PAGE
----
Johann Sebastian Bach: The Complete Organ Works Vol. 13 – Trinity College Chapel, Cambridge David Goode
- Johann Sebastian Bach (1685 - 1750): Prelude and Fugue, BWV 534:
- 1Prelude and Fugue, BWV 534: I. Prelude04:10
- 2Prelude and Fugue, BWV 534: II. Fugue04:44
- Johann Sebastian Bach:
- 3Canzona, BWV 58805:52
- 4Alla breve, BWV 58905:23
- 5Fugue, BWV 57504:39
- Concerto after Vivaldi “Grosso Mogul”, BWV 594:
- 6Concerto after Vivaldi “Grosso Mogul”, BWV 594: I. (Allegro)06:51
- 7Concerto after Vivaldi “Grosso Mogul”, BWV 594: II. Recitativo (Adagio)02:44
- 8Concerto after Vivaldi “Grosso Mogul”, BWV 594: III. Allegro09:14
- Johann Sebastian Bach:
- 9Prelude and Fugue (Barenreiter VI, 63), BWV 55105:17
- 10Durch Adams Fall ist ganz verderbt (Kirnb. Coll. No. 16), BWV 70503:12
- 11Allein Gott in der Höh sei Ehr (Fantasia), BWV 71602:48
- Prelude and Fugue, BWV 544:
- 12Prelude and Fugue, BWV 544: I. Prelude06:42
- 13Prelude and Fugue, BWV 544: II. Fugue06:06
Info for Johann Sebastian Bach: The Complete Organ Works Vol. 13 – Trinity College Chapel, Cambridge
David Goode continues his series of the complete organ works of Johann Sebastian Bach, played on the Metzler Söhne organ of Trinity College Chapel, Cambridge.
Bach and the Organ: The organ loomed large from early on in Bach’s life. The foundations of his multifaceted career as a professional musician were clearly laid in the careful cultivation of Bach’s prodigious talent as an organist whilst he was still a child. Johann Sebastian Bach was born in Eisenach in 1685, and after the death of his father—the director of municipal music in the town—at the age of ten moved to Ohrdruf, where he was taken in by his eldest brother, Johann Christoph. Christoph was the organist at St Michael’s Ohrdruf and had been taught by Pachelbel. During his years at Ohrdruf, the young Sebastian was a choral scholar and likely had his first experiences in organ building and maintenance. In 1700 he moved to Lüneburg, as a choral scholar at St Michael’s School; this move brought him into the orbit of many organists, including Georg Böhm and Adam Reinken in Hamburg. 1703 found him examining a new organ at the New Church in Arnstadt, where he was appointed as organist in August of that year, remaining for four years, his first major professional organist post. Clearly showing remarkable talent as a player from an early age, Bach’s career remained founded upon the organ even as he moved around in a variety of posts after leaving Arnstadt in 1707: as the organist of St Blasius’s in Mühlhausen (1707–1708), court organist and chamber musician at Weimar (1708–1717), capellmeister at Cöthen (1717–1723) and cantor at St Thomas’ Church in Leipzig (1723–1750).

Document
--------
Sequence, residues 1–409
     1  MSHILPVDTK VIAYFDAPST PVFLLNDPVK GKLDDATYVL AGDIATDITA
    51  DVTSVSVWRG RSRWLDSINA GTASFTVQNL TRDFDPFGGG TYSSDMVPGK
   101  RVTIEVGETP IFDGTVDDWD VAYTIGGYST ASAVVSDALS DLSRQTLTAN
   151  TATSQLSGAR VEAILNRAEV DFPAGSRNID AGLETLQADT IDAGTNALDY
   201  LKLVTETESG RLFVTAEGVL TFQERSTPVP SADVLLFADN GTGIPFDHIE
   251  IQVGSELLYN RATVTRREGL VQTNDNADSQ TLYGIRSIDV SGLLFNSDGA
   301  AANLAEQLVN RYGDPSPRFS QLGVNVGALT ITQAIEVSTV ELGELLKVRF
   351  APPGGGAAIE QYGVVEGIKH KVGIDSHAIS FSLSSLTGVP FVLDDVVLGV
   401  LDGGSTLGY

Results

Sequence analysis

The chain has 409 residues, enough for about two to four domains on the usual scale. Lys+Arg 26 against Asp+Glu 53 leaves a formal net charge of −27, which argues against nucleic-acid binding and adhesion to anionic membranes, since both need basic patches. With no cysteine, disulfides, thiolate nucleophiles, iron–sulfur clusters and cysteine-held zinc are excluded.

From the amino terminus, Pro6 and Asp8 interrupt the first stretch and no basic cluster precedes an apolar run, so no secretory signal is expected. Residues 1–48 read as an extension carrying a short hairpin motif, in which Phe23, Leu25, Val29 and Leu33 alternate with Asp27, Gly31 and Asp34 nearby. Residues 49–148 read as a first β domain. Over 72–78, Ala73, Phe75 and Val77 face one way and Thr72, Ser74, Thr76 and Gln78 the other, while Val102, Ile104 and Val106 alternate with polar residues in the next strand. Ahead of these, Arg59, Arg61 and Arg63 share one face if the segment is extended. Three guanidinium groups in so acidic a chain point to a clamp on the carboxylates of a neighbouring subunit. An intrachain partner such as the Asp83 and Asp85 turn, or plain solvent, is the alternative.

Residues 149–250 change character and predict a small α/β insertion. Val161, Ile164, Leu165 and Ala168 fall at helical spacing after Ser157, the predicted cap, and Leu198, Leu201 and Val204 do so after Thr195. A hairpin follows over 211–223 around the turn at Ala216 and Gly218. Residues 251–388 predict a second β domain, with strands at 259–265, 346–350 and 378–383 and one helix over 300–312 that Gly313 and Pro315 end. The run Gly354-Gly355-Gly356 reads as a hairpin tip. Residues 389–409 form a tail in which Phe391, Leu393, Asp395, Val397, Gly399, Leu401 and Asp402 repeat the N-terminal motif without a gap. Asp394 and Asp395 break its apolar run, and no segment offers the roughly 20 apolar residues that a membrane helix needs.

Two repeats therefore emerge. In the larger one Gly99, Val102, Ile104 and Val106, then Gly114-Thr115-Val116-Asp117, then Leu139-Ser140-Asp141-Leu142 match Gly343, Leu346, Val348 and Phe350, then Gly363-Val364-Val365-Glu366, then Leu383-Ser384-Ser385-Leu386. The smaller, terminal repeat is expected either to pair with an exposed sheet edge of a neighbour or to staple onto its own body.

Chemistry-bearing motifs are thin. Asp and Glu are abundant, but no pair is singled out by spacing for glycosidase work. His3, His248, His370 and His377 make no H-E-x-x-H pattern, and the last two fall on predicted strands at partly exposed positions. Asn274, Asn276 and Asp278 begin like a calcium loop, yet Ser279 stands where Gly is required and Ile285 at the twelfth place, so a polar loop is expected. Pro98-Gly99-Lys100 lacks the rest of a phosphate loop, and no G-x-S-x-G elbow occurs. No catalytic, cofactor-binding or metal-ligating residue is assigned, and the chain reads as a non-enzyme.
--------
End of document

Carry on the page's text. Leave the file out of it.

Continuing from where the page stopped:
David Goode, organ
has been Organist and Head of Keyboard at Eton College since 2005. He was a music scholar at Eton, and then organ scholar at King’s College, Cambridge from 1991-4, studying organ with David Sanger and, in Amsterdam, with Jacques van Oortmerssen. From 1996-2001 he was Sub-Organist at Christ Church, Oxford; following prizes at the 1997 St. Alban’s Competition, and the 1998 Calgary Competition, he concentrated on a freelance career between 2001 and 2003. In 2003 he moved for 2 years to Los Angeles as Organist-in-Residence at First Congregational Church, home to the world’s largest church organ. He made his Royal Festival Hall debut in 2002, and played Bach’s Art of Fugue in the QEH in 2009. In 1999 he made the first of numerous appearances at the Proms, inluding a solo recital in 2006; in recent years he has played all over Europe and the US. He has an established duo partnership with the trumpeter Alison Balsom, with recent concerts including the Moscow Arts, Three Choirs, and Passau Festivals. His CD releases since 1994 (from Cambridge, Oxford, Los Angeles, Eton, and most recently Freiberg for Signum Records) have received excellent reviews; he has also forged a strong relationship on Radio 3 with the BBCNOW and the BBC Singers. Volume 1 of his series of the Complete Organ Music of Max Reger was widely praised; he has also played numerous contemporary works, including Francis Pott’s Christus (a performance described by The Times as ‘a stupendous achievement’). He is currently recording the complete organ works of Bach on the organ of Trinity College, Cambridge.